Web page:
1887
Volume 35, Issue 1
  • ISSN 0169-7420
  • E-ISSN: 2213-4883
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Abstract

This article presents and discusses empirical findings concerning the differences between fathers and mothers as to the language they use in the communication with their children. On the basis of the findings of other research two general expectations were formulated: fathers make higher demands upon their children and therefore adjust less to the language needs of the children than mothers do. For mothers it is the other way around.Data were collected from four fathers and mothers and their child at their homes in two situations: one with a picture book and one in an unstructured play situation with standardized playing materials. The language input - per situation at least 20 minutes were tape-recorded - was analysed as to form and content.The results indicate that there are no significant differences in the kind of language addressed to the child by its father and mother. These findings are interpreted with reference to our modern society, in which generally speaking fathers are more involved in educating their children than in former times.Finally it is proposed to replicate this study with a larger sample and with social class as a variable, in order to ascertain whether social class affects parents' language input.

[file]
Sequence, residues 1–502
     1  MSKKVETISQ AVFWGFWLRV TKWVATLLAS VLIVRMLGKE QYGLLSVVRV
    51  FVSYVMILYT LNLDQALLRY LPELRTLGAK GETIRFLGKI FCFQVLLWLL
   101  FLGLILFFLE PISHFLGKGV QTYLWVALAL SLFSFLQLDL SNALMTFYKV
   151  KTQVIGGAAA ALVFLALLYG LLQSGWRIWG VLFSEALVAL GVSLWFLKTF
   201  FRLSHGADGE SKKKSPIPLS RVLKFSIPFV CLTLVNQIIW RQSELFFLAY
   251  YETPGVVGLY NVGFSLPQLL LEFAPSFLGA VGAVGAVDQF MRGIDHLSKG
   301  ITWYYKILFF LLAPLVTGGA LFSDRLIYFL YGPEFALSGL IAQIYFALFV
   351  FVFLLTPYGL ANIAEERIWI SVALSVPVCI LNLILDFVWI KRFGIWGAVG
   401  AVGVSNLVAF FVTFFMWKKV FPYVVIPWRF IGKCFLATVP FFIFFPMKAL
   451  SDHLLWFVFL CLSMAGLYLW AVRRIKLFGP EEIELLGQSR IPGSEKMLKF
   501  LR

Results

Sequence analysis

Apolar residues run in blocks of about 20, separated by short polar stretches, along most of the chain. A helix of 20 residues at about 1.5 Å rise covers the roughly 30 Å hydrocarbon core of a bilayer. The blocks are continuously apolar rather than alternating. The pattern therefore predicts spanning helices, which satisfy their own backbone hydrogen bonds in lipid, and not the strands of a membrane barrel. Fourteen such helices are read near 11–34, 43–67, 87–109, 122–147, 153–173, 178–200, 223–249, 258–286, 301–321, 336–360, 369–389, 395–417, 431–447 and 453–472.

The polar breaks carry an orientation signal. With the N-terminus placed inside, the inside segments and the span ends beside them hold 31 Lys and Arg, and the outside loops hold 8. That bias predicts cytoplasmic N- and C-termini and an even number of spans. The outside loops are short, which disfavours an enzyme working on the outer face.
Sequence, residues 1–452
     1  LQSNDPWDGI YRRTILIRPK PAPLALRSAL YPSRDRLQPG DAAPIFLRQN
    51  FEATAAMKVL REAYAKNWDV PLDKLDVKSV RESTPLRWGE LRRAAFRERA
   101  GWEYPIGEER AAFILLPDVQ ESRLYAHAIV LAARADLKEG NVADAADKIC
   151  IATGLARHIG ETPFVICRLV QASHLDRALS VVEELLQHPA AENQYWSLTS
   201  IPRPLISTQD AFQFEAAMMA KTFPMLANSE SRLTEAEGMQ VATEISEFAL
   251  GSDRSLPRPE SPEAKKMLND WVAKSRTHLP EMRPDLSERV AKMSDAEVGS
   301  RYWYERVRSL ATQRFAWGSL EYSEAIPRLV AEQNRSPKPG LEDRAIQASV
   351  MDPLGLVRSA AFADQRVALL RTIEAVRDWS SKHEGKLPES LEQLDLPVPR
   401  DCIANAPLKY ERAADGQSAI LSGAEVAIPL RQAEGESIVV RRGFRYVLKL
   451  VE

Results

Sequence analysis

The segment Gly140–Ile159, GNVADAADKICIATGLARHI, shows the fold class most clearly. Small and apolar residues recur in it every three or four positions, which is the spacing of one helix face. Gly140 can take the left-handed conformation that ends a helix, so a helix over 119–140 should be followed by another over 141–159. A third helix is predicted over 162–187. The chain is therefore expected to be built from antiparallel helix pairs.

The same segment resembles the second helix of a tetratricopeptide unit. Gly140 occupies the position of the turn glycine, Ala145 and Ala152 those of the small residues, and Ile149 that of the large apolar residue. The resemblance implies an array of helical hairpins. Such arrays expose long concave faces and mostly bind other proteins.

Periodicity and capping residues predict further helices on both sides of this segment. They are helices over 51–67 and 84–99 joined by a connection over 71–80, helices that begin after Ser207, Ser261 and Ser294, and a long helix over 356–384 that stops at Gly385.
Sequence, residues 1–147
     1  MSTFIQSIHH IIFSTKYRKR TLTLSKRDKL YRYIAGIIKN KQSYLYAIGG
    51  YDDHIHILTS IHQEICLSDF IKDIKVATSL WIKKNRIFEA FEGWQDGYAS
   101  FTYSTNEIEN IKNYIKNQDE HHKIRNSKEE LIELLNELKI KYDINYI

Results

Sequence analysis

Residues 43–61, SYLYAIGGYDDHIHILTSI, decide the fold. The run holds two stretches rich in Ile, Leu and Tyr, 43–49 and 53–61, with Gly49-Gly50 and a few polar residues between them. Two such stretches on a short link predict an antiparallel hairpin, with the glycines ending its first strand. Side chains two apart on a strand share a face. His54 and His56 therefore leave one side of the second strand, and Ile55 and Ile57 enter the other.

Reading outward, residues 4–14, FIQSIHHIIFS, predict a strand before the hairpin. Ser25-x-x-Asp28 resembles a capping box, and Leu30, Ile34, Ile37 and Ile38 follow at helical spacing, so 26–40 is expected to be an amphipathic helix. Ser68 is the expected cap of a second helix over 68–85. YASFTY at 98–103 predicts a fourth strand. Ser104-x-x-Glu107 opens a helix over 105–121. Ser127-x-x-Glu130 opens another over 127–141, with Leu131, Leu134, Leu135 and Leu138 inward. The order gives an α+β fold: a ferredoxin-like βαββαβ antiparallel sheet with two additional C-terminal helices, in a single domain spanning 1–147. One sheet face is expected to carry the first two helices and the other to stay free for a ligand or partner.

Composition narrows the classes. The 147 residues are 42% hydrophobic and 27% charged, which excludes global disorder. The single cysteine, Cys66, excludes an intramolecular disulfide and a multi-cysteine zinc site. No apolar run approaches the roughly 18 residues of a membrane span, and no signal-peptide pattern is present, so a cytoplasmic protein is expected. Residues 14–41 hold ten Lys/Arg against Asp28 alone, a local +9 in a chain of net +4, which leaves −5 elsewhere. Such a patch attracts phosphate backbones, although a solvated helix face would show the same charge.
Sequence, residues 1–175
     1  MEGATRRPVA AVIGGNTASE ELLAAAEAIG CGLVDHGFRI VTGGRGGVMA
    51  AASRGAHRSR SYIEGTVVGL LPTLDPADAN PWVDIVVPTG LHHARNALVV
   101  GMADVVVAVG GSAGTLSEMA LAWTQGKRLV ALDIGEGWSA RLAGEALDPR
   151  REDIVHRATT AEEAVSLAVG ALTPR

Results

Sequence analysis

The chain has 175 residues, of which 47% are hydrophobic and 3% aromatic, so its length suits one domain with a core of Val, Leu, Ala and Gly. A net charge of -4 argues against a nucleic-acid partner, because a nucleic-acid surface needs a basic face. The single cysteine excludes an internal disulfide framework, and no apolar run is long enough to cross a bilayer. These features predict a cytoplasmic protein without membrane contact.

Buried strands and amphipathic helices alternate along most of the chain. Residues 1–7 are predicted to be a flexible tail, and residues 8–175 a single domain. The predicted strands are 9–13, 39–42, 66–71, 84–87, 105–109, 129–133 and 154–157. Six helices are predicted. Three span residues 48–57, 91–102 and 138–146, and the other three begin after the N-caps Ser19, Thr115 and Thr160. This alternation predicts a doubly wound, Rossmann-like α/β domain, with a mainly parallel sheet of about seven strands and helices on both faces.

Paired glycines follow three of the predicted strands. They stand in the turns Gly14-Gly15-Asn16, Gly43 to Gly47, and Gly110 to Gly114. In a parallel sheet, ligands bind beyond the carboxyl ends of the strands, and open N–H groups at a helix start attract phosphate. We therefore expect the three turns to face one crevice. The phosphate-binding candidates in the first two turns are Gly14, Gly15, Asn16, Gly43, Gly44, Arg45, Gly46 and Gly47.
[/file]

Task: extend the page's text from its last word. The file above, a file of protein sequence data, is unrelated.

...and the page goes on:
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/content/journals/10.1075/ttwia.35.03ham
1989-01-01
2019-10-16
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References

http://instance.metastore.ingenta.com/content/journals/10.1075/ttwia.35.03ham
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  • Article Type: Research Article
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